Starting things is hard. The weeks I spent thinking of what to write for this launch is a testament to that. And it’s usually not because the thing itself is difficult. We want to do the thing, but a collection of overwhelming, specific fears - Will I be able to keep this up? Am I good enough to even start? What if everything goes wrong? - stops us from taking that leap.
I think we’re all familiar with this feeling. It creeps up around January when you’re so full of hope and food that you overestimate what you can do for the rest of the year. You write a list of things that you want done - get thin, get rich, start on that new project, pick up that new hobby, learn that new language or instrument or recipe. Filled with some magical invincible spirit, you get to work.
We’re halfway into the year now. How’s that list doing?
As someone who learned vocabulary words consistently for two months then stopped in March for no reason, I’m not here to call anyone out. There’s no shame in stopping. Sometimes you need to take a break and that break ends up longer than anticipated. Sometimes you just don’t want to do it anymore, and that’s fine. But if you find yourself getting that itch to return, there’s also no shame in throwing away that list you made half a year ago and making a new one.
Who says resolutions are only for the new year? July is the perfect time to start something new.
I try to make “New Month’s Resolutions” whenever I can, and while I still don’t succeed in all of them, they’re a good way for me to remind myself of what I really want to do to become the person that I want to be. I like resolutions because they’re not items on a to-do list, so there’s no pressure to check them off or get them done by a particular date. I see them as actionable wishes for myself. “I want to become fluent in a language, so I have to study this much.” “I want to be able to cook, so I have to learn how to do these things.” I try to write my resolutions so that they answer the question, “What do I have to do to make my wishes come true?”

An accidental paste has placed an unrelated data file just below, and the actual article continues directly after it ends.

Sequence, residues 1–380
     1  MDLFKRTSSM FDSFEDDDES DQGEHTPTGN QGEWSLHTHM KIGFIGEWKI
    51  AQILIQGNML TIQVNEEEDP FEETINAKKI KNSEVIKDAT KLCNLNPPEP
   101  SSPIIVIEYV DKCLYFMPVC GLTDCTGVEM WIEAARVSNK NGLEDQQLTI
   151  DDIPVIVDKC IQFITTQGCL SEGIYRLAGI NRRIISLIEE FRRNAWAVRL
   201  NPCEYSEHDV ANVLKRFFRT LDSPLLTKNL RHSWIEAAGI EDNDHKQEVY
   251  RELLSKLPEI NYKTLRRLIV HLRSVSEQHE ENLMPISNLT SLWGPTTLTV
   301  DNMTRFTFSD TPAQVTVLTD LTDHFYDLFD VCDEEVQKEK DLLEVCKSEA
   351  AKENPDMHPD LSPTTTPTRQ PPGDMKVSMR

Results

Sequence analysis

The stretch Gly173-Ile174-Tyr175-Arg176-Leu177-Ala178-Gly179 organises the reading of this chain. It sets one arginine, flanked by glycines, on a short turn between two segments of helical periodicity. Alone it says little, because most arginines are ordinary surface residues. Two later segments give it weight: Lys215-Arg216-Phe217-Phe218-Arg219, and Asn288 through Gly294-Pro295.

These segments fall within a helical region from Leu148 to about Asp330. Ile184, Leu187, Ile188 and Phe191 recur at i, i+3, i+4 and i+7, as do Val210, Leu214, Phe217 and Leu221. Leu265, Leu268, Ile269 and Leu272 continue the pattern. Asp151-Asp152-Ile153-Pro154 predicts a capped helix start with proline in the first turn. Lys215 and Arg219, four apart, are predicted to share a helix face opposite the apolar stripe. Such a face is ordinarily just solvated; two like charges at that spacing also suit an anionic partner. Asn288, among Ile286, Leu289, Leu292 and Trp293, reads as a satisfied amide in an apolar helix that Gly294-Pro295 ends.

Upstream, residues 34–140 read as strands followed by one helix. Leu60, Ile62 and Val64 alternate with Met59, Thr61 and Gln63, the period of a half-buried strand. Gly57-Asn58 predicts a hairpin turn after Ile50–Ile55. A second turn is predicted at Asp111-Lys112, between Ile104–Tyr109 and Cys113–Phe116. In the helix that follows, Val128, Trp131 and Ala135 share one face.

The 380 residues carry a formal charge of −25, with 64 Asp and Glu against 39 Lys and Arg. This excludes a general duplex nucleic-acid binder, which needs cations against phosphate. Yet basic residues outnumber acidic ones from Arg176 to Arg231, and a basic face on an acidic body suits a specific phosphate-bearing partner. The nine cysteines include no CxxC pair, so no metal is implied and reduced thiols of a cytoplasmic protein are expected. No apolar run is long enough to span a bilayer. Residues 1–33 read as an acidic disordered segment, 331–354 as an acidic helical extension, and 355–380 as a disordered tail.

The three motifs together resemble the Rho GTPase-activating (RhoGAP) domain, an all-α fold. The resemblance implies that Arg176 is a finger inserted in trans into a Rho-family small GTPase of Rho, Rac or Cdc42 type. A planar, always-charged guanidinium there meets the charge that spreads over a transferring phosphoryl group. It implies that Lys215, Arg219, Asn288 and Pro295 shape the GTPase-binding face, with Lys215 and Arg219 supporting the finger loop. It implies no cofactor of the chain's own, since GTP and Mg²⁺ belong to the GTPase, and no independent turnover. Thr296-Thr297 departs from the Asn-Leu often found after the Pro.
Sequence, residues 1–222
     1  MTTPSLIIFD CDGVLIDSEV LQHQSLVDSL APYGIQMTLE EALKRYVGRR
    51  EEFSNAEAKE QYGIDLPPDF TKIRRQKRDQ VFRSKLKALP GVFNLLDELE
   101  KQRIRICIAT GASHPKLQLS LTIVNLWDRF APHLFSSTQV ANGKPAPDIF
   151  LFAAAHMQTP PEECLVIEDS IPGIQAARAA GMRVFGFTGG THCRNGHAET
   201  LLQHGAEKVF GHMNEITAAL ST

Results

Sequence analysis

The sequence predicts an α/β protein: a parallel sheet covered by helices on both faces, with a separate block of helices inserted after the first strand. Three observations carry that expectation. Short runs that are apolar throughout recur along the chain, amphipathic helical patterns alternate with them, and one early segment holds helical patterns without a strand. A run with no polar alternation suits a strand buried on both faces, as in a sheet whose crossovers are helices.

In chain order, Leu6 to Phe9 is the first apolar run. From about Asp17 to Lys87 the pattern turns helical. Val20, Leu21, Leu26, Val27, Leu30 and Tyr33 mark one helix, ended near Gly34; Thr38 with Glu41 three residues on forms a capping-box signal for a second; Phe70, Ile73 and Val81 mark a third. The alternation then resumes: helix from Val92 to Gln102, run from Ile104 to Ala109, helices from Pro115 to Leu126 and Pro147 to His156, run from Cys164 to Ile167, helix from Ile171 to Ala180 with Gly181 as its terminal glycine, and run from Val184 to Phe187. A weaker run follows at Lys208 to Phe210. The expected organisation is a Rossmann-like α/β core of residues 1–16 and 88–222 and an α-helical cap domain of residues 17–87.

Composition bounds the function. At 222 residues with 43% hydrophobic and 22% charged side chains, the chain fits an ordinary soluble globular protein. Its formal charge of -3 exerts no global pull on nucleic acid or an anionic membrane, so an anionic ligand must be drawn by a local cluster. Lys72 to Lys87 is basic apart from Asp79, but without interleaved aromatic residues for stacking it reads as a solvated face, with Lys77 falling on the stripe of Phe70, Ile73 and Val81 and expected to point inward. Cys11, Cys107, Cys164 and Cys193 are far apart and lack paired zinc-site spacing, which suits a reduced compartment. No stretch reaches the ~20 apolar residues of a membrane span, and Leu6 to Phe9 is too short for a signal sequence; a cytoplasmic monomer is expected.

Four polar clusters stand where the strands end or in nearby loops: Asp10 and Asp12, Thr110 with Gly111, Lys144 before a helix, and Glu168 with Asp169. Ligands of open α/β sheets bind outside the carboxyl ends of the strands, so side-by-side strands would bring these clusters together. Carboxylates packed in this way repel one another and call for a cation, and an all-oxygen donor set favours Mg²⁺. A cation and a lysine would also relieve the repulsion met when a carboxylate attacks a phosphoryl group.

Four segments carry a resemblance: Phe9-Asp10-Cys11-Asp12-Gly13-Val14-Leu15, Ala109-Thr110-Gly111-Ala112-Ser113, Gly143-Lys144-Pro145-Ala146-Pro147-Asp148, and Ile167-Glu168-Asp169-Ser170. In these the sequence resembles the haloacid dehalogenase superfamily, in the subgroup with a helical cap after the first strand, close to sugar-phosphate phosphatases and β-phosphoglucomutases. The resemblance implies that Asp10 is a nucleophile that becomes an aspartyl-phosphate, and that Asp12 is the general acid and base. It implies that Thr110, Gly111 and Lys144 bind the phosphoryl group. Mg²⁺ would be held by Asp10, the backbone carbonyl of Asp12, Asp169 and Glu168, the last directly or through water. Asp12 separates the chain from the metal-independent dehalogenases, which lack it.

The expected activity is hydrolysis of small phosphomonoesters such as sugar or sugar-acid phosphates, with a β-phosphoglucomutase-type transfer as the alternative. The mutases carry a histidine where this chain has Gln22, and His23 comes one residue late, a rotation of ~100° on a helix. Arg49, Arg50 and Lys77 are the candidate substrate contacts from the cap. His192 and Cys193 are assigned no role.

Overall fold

And ultimately, resolutions are more than just starting. They require time, hard work, and consistency. While all of that sounds intimidating, there lies the adventure - getting to fall in love with a new hobby or project or goal, and maybe even yourself in the process.
Recently, I joined a Discord server for language exchange and actually met a few people who were willing to help me practice my speaking skills in my target language. I also committed to writing a short paragraph a day to practice my writing. And of course, there’s the birth of this blog, which all of us on the editorial team hope will be the start of something exciting for ENL.
It’s never too late to begin, or begin again. Start small. And even if it’s scary, start joyfully. Whatever you choose to do, we wish you all the best with your new beginning.